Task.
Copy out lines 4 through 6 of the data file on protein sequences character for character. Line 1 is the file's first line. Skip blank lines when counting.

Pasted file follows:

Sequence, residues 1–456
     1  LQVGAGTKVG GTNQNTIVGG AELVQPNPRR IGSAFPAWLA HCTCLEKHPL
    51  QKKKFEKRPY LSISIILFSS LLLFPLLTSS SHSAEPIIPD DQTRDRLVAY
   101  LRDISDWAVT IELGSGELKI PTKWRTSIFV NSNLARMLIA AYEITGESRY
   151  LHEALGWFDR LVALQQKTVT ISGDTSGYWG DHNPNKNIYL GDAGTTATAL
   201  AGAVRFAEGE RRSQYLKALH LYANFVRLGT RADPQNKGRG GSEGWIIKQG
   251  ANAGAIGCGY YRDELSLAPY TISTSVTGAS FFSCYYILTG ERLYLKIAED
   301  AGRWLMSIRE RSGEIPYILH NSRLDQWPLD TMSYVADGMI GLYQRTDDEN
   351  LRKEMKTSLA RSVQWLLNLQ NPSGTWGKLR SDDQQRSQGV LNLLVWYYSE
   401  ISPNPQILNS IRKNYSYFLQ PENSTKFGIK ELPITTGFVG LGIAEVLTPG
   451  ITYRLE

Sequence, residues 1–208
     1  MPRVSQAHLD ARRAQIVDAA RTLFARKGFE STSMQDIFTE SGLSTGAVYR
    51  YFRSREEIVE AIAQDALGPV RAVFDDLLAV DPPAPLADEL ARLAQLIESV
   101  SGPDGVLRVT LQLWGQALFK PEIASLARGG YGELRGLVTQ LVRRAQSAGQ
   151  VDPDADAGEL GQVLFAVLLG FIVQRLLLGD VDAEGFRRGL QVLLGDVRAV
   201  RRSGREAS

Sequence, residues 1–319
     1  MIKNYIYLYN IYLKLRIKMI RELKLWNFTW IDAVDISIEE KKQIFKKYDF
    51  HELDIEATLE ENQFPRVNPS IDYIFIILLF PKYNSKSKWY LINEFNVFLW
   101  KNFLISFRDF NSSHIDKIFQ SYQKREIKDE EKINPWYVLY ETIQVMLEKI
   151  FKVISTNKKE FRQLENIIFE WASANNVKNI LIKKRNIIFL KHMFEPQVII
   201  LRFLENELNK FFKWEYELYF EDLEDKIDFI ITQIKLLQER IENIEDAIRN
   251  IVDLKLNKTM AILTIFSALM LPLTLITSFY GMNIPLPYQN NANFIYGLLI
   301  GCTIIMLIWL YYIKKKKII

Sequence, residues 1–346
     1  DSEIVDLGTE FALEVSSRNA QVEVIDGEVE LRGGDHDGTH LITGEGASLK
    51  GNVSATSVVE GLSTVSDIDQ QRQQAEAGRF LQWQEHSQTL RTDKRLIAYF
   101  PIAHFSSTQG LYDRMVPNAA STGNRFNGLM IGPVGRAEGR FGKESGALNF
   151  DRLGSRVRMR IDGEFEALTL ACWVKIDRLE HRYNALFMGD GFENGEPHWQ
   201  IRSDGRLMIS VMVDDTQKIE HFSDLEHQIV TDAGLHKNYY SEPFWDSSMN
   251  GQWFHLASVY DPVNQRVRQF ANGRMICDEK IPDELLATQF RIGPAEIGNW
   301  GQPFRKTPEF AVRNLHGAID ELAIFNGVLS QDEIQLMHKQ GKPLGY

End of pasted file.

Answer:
   101  LRDISDWAVT IELGSGELKI PTKWRTSIFV NSNLARMLIA AYEITGESRY
   151  LHEALGWFDR LVALQQKTVT ISGDTSGYWG DHNPNKNIYL GDAGTTATAL
   201  AGAVRFAEGE RRSQYLKALH LYANFVRLGT RADPQNKGRG GSEGWIIKQG